Another very basic question, but it has been bugging me and i hope someone will answer so I can stop pondering this one.

So you run a model and get the message that your covariance matrix is not positive definite.

Why isn't the optimiser algorithm set up to avoid areas of the solution space where the eigenvalues are negative?

The optimizer will do its best to avoid these regions when it can, but it's not always possible to tell.

Because we allow people to specify arbitrary algebras, we can't really make guesses about the parameter space, and even in standard analysis cases, strange things can happen when the parameters are far from the minimum.

Often the error happens because of a user specification--for example, the error commonly comes up when users start all their free parameters at the same number. We can warn the user about this, but OpenMx tries not to make changes to things like starting values without the user's consent.

I think early detection is unlikely to be a viable solution, but it might be possible to add some recovery routines to handle this case when it happens however. For example, it might be possible for the user to request that OpenMx try different starting values if the first ones don't work, for example, or to jitter the parameters when a non-positive-definite point is found to see if nearby regions are viable.

At the end of the day, often the best thing to do is to reparameterize the model so that the optimizer cannot try parameter estimates which generate non-positive definite covariance matrices. The Cholesky decomposition is a popular reparameterization for this purpose. The disadvantage is that one doesn't directly get standard errors for the quantities of interest. Likelihood-based or bootstrap CI's can be useful here.

Nevertheless, as Tim says, good starting values (try getting the means & variances right, and the covariances in the right ball park, or near zero) can often keep the optimizer from straying into non-positive definite regions.

I guess what I still don't understand is why the optimiser is not designed so that it first tests whether an estimate in positive definite and only if the answer is yes does it check whether the associated -2LL is lower. As far as I understand it, it only uses likelihood in deciding where to go next. But it knows when things are not positive definite, so why can't it be designed to check this out and avoid those areas?!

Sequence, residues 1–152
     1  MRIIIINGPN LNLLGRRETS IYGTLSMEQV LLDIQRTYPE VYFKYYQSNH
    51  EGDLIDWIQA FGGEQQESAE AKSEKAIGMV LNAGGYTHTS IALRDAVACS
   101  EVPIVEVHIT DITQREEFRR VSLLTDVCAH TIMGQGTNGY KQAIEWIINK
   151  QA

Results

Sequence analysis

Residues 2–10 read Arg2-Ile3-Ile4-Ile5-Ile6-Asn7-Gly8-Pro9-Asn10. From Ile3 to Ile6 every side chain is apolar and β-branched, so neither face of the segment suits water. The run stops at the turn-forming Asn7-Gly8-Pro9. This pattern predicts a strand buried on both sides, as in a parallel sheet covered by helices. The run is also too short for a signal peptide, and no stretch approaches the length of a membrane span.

Still a bit puzzled as to how optimisation works, I guess.

Unfortunately we have only limited control over the behavior of the optimizer as we are not using one that we developed ourselves (that may change in the future). In the early 1990's I visited the good people at Stanford to try to address this problem, with partial success. There are essentially two phases to optimization: i) figuring out the first and second derivatives of the likelihood function with respect to each of the parameters; and ii) moving to a new location based on the information gathered in i). Built into the optimizer there is a mechanism that when a ii) occurs if there is non-positive definiteness (or zero likelihood for some other reason such as outlier observations or really bad parameter estimates) then it will back out of the region to which it moved. It does this reducing the size of the step it takes towards the new best guess as to where the solution is. Several previously problematic cases ran smoothly after this change was introduced. However, two factors limit the effectiveness of this strategy. One is that during the phase i) part incomputable likelihoods may be encountered, which really stops the optimizer in its tracks because it no longer has the information needed to decide where to go next. The second is that, perhaps due to the nature of the data or the model, even a very small step taken in a phase ii) still ends up in non-positive definite (or otherwise incomputable) land. Usually the solution in such cases is to start optimization from some other location. Sometimes the model needs to be revised, and other times one may have to go and get some more data. Although this last seems rather drastic, it is perforce the case if one has more variables (columns) than subjects (rows) in a data set. Optimization would head towards a non-positive definite region in a quite determined fashion. If the model had been specified (e.g. via Cholesky) to only generate positive definite matrices then optimization would likely end up at the boundary. If it had not been specified to stay positive definite, the optimizer would likely try parameter estimates which generate non-positive definite predicted covariance matrices, and - since the log-likelihood is not computable in such instances - fail rather unhappily.